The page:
Engaging Youth in Wildlife Research: Using Coverboards to Inventory and Monitor Salamanders in Great Smoky Mountains National Park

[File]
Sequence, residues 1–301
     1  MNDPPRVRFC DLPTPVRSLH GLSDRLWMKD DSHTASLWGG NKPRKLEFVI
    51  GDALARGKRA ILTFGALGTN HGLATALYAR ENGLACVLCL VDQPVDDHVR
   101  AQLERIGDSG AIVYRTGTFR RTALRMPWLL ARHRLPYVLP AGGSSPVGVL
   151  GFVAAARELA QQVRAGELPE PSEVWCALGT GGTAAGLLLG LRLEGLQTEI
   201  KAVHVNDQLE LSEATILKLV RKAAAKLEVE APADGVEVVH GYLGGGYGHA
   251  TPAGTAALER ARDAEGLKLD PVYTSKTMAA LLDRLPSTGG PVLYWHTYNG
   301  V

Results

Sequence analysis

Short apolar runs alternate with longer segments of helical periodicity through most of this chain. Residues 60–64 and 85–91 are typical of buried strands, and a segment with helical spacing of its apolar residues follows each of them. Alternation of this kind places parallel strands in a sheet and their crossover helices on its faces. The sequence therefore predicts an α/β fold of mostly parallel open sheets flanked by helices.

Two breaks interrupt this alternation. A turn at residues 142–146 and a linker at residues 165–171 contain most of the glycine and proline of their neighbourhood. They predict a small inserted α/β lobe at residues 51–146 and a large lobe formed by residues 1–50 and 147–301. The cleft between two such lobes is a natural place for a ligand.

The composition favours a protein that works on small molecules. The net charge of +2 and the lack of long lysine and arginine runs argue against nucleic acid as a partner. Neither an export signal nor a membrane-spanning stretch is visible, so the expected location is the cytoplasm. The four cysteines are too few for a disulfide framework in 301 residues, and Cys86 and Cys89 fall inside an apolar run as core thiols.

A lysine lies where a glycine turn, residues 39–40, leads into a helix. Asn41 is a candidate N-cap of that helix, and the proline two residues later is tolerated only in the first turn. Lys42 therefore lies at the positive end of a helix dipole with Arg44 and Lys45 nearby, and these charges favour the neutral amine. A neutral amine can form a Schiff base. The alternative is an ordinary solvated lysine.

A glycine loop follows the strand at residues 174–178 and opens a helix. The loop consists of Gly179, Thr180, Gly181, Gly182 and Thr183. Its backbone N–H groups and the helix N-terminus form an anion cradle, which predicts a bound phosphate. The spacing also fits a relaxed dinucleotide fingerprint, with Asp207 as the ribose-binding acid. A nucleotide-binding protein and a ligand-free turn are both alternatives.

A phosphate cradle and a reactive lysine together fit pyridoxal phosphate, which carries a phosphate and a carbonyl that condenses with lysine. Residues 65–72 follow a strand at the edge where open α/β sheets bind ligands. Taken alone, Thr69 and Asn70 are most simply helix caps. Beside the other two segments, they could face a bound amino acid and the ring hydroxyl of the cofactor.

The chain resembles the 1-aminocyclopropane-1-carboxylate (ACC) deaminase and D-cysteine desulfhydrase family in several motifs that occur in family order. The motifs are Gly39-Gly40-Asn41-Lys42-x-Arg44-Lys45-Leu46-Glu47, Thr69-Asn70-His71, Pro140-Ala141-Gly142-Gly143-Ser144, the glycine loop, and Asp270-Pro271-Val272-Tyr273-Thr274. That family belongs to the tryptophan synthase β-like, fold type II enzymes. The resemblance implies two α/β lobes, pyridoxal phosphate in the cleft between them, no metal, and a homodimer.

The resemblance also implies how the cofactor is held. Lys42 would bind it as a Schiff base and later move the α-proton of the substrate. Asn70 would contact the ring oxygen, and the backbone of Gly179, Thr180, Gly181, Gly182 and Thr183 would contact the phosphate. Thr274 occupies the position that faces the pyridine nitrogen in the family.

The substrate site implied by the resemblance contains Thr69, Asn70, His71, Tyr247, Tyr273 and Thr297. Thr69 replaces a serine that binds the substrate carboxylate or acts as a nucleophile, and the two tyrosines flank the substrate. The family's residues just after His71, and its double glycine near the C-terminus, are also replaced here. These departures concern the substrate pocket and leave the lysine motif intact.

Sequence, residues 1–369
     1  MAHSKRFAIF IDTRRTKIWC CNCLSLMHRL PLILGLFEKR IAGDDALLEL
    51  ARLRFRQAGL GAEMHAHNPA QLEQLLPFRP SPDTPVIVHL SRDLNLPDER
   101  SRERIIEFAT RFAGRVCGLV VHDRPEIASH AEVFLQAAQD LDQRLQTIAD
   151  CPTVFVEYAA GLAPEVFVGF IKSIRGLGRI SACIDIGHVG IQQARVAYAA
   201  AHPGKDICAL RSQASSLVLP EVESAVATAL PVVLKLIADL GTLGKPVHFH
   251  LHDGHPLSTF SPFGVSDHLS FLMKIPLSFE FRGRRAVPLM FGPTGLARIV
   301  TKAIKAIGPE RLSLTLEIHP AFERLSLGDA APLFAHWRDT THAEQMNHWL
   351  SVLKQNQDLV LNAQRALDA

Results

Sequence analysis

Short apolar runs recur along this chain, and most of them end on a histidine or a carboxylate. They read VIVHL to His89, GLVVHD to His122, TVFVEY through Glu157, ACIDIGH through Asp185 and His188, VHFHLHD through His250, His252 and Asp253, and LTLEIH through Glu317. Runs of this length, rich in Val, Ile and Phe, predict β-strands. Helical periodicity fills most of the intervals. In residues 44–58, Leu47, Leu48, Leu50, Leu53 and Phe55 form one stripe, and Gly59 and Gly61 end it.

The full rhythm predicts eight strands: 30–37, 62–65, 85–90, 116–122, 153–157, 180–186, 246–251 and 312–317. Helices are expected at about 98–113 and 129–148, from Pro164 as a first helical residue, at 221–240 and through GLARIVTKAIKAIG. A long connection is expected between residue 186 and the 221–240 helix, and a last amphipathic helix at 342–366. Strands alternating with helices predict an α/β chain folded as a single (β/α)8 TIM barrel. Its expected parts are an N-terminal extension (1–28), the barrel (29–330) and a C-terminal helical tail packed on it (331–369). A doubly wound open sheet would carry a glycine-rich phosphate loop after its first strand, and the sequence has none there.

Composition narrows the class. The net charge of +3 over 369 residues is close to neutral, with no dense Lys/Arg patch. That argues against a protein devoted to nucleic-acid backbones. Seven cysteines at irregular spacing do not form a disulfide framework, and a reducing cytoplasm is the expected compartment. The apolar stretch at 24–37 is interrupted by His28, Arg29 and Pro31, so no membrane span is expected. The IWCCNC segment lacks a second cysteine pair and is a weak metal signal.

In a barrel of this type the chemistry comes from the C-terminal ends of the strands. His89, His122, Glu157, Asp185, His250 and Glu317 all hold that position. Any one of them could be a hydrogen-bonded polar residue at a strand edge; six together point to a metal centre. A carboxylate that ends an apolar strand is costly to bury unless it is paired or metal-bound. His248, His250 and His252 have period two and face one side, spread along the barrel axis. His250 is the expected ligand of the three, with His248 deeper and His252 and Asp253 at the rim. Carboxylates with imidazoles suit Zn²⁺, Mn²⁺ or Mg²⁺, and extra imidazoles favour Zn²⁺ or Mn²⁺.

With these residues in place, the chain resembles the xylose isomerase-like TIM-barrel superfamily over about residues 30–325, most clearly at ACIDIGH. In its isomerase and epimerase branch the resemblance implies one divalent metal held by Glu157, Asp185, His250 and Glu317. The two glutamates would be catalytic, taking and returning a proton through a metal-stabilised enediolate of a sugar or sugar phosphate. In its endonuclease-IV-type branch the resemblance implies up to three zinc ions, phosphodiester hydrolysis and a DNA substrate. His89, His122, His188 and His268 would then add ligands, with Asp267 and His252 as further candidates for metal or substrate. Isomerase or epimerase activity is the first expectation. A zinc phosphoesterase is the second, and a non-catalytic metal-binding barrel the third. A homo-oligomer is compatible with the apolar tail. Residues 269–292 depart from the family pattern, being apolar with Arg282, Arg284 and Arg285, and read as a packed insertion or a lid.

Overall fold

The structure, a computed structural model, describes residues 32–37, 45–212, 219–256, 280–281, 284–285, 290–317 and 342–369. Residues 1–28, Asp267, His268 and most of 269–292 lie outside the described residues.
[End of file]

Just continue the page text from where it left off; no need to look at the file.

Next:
Coverboards are being used more frequently as an efficient method to inventory and monitor terrestrial salamanders. In summer 2006, we established a study to inventory and monitor salamanders at Great Smoky Mountains Institute at Tremont, a residential environmental learning center located in Great Smoky Mountains National Park, Tennessee. Our goals were to: 1) compare the effectiveness of two different types of coverboards in attracting salamanders; 2) compare salamander diversity and abundance between hardwood and eastern hemlock (Tsuga canadensis) forests; 3) establish a long-term salamander monitoring project; and 4) create a wildlife research project that engages children and adult volunteers as citizen scientists. We selected two hardwood and two eastern hemlock sites. We established five rows of eight coverboards, for a total of 40 coverboards per site. We used two types of coverboards: 1) 30.5- × 30.5- × 2.5-cm squares of untreated eastern white pine (Pinus strobus), the size recommended by the Patuxtent Wildlife Research Center's Terrestrial Salamander Monitoring Program; and 2) ~30.5-cm diameter × 5-cm tree “cookies” cut from recently-downed hardwood trees. The starting point of the first transect and board type was randomly selected; thereafter, boards were placed 6 m apart in an alternating checkerboard pattern. We checked coverboards approximately six weeks after being set. We used Oakton Mini-IR temperature sensors to determine surface temperature under each coverboard. Surface moisture beneath the boards was estimated by using a qualitative scale: 1 = dry; 2 = some moisture present on surface; 3 = surface and soil moist to touch. We made 48 site visits and captured a total of 49 salamanders in 1,899 board checks from August 2006 to August 2007. Tree “cookies” harbored nearly four times as many salamanders (n = 39 or 0.054 salamanders/board) than square coverboards (n = 10 or 0.014 salamanders/board). Hardwood sites had more salamanders occupying coverboards (n = 44 or 0.052 salamanders/board) than sites dominated by eastern hemlock (n = 5 or 0.009 salamanders/board). The most common species of salamander were the southern redback salamander (Plethodon serratus) (n = 30), southern zigzag salamander (P. ventralis) (n = 8), and northern slimy salamander (P. glutinosus) (n = 5). Surface temperature under tree “cookies” was lower (x¯ = 15.1° C) than square boards (x¯ = 15.7° C). Surface moisture beneath tree “cookies” was higher (x¯ = 2.22) than under square boards (x¯ = 1.72). (Continues . . . see PDF file for this paper)

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